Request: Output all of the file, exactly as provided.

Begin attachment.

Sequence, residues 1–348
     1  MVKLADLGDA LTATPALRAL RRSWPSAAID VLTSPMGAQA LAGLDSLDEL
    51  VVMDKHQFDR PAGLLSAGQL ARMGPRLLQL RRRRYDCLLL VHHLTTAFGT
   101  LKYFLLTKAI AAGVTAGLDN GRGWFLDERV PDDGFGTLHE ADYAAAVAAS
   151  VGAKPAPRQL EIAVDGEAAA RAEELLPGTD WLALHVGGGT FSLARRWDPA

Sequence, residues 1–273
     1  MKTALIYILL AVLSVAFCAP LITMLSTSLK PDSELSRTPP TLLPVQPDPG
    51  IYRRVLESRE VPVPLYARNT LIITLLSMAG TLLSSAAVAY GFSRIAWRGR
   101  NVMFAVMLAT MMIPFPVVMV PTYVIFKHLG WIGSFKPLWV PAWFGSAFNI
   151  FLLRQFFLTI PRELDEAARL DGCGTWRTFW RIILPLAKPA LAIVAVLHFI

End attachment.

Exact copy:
Sequence, residues 1–348
     1  MVKLADLGDA LTATPALRAL RRSWPSAAID VLTSPMGAQA LAGLDSLDEL
    51  VVMDKHQFDR PAGLLSAGQL ARMGPRLLQL RRRRYDCLLL VHHLTTAFGT
   101  LKYFLLTKAI AAGVTAGLDN GRGWFLDERV PDDGFGTLHE ADYAAAVAAS
   151  VGAKPAPRQL EIAVDGEAAA RAEELLPGTD WLALHVGGGT FSLARRWDPA

Sequence, residues 1–273
     1  MKTALIYILL AVLSVAFCAP LITMLSTSLK PDSELSRTPP TLLPVQPDPG
    51  IYRRVLESRE VPVPLYARNT LIITLLSMAG TLLSSAAVAY GFSRIAWRGR
   101  NVMFAVMLAT MMIPFPVVMV PTYVIFKHLG WIGSFKPLWV PAWFGSAFNI
   151  FLLRQFFLTI PRELDEAARL DGCGTWRTFW RIILPLAKPA LAIVAVLHFI